The Telegraph
Monday , April 21 , 2014
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Too many fingers in one pie

- NaMo wave notwithstanding, why the going may get tough for BJP in Dhanbad

Quite like its elite cousin Ranchi, which went to polls on April 17, the Dhanbad parliamentary constituency too is staring at a multi-cornered contest this Thursday.

A bevy of factors — from the conflicting NaMo and anti-incumbency waves to urban-rural and community-based support split — are being taken into serious account as candidates and their elections managers engage in hectic permutation and combination ahead of Vote Day.

The Dhanbad parliamentary constituency comprises six Assembly segments of Dhanbad, Jharia, Sindri, Nirsa, Bokaro and Chandankyari, from where a total 18.34 lakh people are expected to exercise their franchise.

A potential head-on clash between sitting BJP parliamentarian P.N. Singh and his mighty erstwhile Congress adversary Chandrasekhar ‘Dadai’ Dubey has already been abated by the veteran union leader’s decision to defect from the grand old party and challenge the incumbent with a Trinamul Congress (TMC) ticket.

There are several other elements working in favour of the 65-year-old seasoned BJP politician. One, Singh has been elected to the state Assembly from the prime Dhanbad seat not once, but thrice — in 1995, 2000 and 2005 — before he became an MP in 2009.

Two, the anti-incumbency ripples are being largely buffered by the giant NaMo wave, which has engulfed not just Jharkhand, but the entire nation. Three, the BJP traditionally enjoys the faith of the business class in urban Assembly segments of Dhanbad town and Jharia.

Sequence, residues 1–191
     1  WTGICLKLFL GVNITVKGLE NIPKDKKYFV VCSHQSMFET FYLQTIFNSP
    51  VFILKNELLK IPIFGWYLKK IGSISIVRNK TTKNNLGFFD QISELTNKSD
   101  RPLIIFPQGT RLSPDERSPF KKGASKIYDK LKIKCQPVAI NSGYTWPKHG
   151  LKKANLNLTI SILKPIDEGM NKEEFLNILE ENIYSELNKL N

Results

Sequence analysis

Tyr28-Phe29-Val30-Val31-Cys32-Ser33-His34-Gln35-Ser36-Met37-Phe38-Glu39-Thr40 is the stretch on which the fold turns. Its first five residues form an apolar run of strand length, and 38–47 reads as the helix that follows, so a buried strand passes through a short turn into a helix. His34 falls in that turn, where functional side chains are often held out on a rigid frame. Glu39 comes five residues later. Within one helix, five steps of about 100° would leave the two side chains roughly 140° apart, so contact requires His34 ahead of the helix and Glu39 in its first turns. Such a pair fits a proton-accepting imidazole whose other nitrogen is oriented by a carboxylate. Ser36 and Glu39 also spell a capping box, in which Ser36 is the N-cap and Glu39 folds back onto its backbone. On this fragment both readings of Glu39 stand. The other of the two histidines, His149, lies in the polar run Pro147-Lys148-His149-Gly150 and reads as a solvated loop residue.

Four, the RSS is campaigning for Singh in rural pockets of Govindpur (Dhanbad segment) and Baliapur (Sindri segment). Five, the sitting MP is also a favourite in Bokaro, which is the biggest Assembly segment in the state with 4.61 lakh voters.

On the other hand, former MP (2004-09) Dadai Dubey has scuppered a golden chance to win back his crown. The septuagenarian’s derogatory remarks against chief minister Hemant Soren cost him his cabinet berth in the JMM-Congress alliance. An embarrassed Congress was further unwilling to allot him a Lok Sabha ticket, which triggered the defection.

His rift with the JMM-Congress notwithstanding, Dubey has a quite a fan following, courtesy his bold and outspoken image and track record of addressing popular issues such as displacement and water and power crises. He is also more accessible, as he never misses the smallest of functions organised by his supporters. The MLA already boasts minority loyalty of around 18 per cent and enjoys the support of 10 per cent Brahmin and Bhumihar voters. A champion of labour issues, around 40,000 coal workers are on his side too.

Four-time former Sindri MLA (1977, 1980, 1990 and 1995) Anand Mahto (72), who is in the fray as an MCC candidate, is a disciple of veteran Dhanbad politician A.K. Roy. He is likely to cash in on the frustration of 65 per cent rural voters in Sindri, Nirsa and Chandankyari. He is also banking on caste equation and may draw Kurmi-Mahto voters, besides the Bengali- and Khortha-speaking population. He has the support of the Left Front and JD(U).

JVM’s Bokaro MLA Samresh Singh is as outspoken as Dadai Dubey and has a strong base in his native Chandankyari. He is also looking at a share of vote pie in Bokaro (Chas) and Sindri (Baliapur). While Sindri MLA Phulchand Mahto is a party colleague, 74-year-old Samresh is the darling of the displaced in Bokaro.

Former state women’s commission chief and Ajsu nominee Hemlata S. Mohan (55) is banking on the fair sex and the urban educated voters of Dhanbad, Bokaro, Jharia and Maithon. She is enjoying the support of the Forward Bloc.

Last, but not the least, Congress man Ajay Dubey (52) has blessings of the party high command. He will tap the traditional Congress votes of Brahmins, minorities and SC/ST.